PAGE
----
Gold futures recovered early losses to finish with a modest gain Thursday, as traders favored the precious metal as a haven investment, despite a rise in the U.S. dollar, following the week’s decline in gold prices.
Gold turned higher, showing signs of “delinking” from the ICE U.S. Dollar Index DXY, Chintan Karnani, chief market analyst at Insignia Consultants, told MarketWatch. Europe’s struggle with the rise in COVID-19 cases and ongoing talks over Brexit worked to boost safe-haven demand for gold.
That outweighed earlier pressure from a rise in the dollar, which strengthened as the euro
and British pound
both fell against the U.S. currencywith Europe focusing on Brexit talks and the coronavirus spread and lockdowns, said Karnani. A stronger greenback can make dollar-priced gold more expensive to overseas buyers.
In Thursday dealings, the ICE U.S. Dollar Index DXY traded up around 0.5%.
tacked on $1.60, or 0.08%, to settle at $1,908.90 an ounce after a 0.7% gain on Wednesday. Prices Thursday had touched an intraday low of $1,892.70, highlighting fitful trade for bullion on the week.
Silver for December delivery
meanwhile, pared early losses to finished down 17 cents, or 0.7%, to $24.224, following a 1.1% gain in the previous session.
On the week so far, gold prices have lost 0.9%, while silver futures are down 3.5%, according to FactSet data.
Gold has moved in line with the dollar’s strength absent other catalysts of late but some longer-term investors believe that a resurgence of the pandemic and the belief that the viral outbreak may lead to further global fiscal stimulus has been considered a boon for bullion.
“Ultimately, gold will benefit as Europe unleashes more stimulus and as investors grow comfortable with a slight pause in aid from Washington DC,” wrote Edward Moya, senior market analyst at Oanda, in a note.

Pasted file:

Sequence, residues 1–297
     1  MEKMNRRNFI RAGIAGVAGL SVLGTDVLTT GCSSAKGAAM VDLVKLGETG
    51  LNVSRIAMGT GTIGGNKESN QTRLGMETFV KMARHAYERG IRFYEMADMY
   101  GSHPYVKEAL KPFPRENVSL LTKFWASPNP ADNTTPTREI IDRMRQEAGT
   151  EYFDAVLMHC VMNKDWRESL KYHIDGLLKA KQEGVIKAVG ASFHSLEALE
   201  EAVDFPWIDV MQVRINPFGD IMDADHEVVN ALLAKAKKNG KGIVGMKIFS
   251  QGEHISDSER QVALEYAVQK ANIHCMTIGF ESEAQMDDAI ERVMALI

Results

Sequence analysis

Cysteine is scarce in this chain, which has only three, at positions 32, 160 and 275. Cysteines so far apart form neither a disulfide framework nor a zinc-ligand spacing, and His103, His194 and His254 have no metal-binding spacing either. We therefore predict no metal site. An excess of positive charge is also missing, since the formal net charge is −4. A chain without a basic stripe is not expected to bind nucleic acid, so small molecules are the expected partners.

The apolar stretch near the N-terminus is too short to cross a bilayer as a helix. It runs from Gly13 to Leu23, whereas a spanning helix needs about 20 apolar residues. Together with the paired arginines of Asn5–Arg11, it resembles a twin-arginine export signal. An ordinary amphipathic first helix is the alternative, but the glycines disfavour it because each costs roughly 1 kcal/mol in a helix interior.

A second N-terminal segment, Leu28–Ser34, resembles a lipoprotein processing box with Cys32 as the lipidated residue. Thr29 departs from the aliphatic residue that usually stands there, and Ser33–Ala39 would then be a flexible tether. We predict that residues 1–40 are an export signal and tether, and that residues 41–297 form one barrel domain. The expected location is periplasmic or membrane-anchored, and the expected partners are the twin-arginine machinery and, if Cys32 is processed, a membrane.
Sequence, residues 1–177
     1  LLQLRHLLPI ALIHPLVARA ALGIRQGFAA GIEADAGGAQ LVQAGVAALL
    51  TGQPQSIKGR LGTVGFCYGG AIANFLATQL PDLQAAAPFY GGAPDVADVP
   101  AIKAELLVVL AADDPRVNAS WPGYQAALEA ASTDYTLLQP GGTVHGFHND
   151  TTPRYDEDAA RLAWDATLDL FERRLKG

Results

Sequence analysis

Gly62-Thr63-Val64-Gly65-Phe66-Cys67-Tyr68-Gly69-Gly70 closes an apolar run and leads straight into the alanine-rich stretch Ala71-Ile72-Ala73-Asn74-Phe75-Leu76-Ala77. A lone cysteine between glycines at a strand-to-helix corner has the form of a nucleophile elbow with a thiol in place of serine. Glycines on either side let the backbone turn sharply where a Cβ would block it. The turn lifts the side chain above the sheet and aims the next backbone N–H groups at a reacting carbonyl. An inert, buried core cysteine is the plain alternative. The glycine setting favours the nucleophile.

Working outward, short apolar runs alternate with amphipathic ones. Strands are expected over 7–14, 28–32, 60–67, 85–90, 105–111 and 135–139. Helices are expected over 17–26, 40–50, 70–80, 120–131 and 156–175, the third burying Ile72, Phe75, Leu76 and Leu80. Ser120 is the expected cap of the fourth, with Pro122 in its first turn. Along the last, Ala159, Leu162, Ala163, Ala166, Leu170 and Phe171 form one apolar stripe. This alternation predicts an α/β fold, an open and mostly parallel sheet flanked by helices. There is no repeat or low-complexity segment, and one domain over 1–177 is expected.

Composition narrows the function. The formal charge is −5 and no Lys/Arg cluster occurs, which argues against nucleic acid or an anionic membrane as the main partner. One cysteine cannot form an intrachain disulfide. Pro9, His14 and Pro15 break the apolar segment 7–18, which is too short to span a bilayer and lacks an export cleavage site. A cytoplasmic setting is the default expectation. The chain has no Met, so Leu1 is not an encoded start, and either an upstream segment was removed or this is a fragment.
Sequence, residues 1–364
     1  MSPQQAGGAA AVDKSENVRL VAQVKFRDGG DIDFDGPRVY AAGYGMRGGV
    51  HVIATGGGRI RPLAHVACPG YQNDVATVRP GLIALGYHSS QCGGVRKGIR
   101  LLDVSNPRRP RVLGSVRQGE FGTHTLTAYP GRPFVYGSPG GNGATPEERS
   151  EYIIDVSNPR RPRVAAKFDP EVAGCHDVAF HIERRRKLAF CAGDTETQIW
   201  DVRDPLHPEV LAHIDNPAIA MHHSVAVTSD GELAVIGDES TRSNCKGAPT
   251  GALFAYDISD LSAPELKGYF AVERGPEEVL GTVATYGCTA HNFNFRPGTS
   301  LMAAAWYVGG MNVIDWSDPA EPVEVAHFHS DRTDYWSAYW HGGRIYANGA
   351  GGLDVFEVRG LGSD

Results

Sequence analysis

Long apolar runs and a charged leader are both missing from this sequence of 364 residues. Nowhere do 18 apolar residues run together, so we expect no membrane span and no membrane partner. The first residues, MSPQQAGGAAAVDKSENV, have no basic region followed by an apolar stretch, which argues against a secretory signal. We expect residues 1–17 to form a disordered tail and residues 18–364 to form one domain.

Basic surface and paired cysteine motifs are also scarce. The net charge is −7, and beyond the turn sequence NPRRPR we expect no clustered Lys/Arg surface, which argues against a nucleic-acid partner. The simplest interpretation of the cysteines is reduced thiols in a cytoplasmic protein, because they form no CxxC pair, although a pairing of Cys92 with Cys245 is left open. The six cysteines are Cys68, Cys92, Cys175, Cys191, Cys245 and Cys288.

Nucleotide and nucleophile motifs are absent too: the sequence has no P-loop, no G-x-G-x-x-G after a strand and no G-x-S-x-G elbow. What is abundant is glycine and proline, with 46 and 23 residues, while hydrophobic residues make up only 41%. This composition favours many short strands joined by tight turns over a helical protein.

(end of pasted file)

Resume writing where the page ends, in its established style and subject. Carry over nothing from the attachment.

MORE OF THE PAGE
France announced a new curfew in Paris and other major cities, as U.K. also introduced restrictions in London. Meanwhile, European leaders are meeting to discuss the coronavirus pandemic as well as trade talks with the U.K. with the Brexit transition period expiring at the end of 2020.
Gold prices had initially moved higher after data Thursday revealed that the number of Americans who applied for jobless benefits in the week ended Oct. 10 rose by 53,000 to 898,000–the highest level in seven weeks.
“The significant increase in the unemployment claims is another warning sign for the U.S. lawmakers to get their act together,” said Naeem Aslam, chief market analyst at AvaTrade. “The sad fact is that this situation is only going to get worse if we do not get any help in terms of another stimulus package.”
“Traders have become a lot [more] risk averse on the back of this data point,” and that led to move up in gold prices immediately after the jobless claims data, he said in a market update.
Karnani, however, said he expects higher gold investment demand from Europe and the U.K. “Europe investment demand, plus Asian physical demand, equal a bullish gold price trend for [Friday] and next week,” he said.
Among other metals traded on Comex, December copper
climbed by nearly 1.2% to $3.0855 a pound. January platinum
fell 0.2% to $861.30 an ounce, while December palladium
added 0.03% to $2,367.10 an ounce.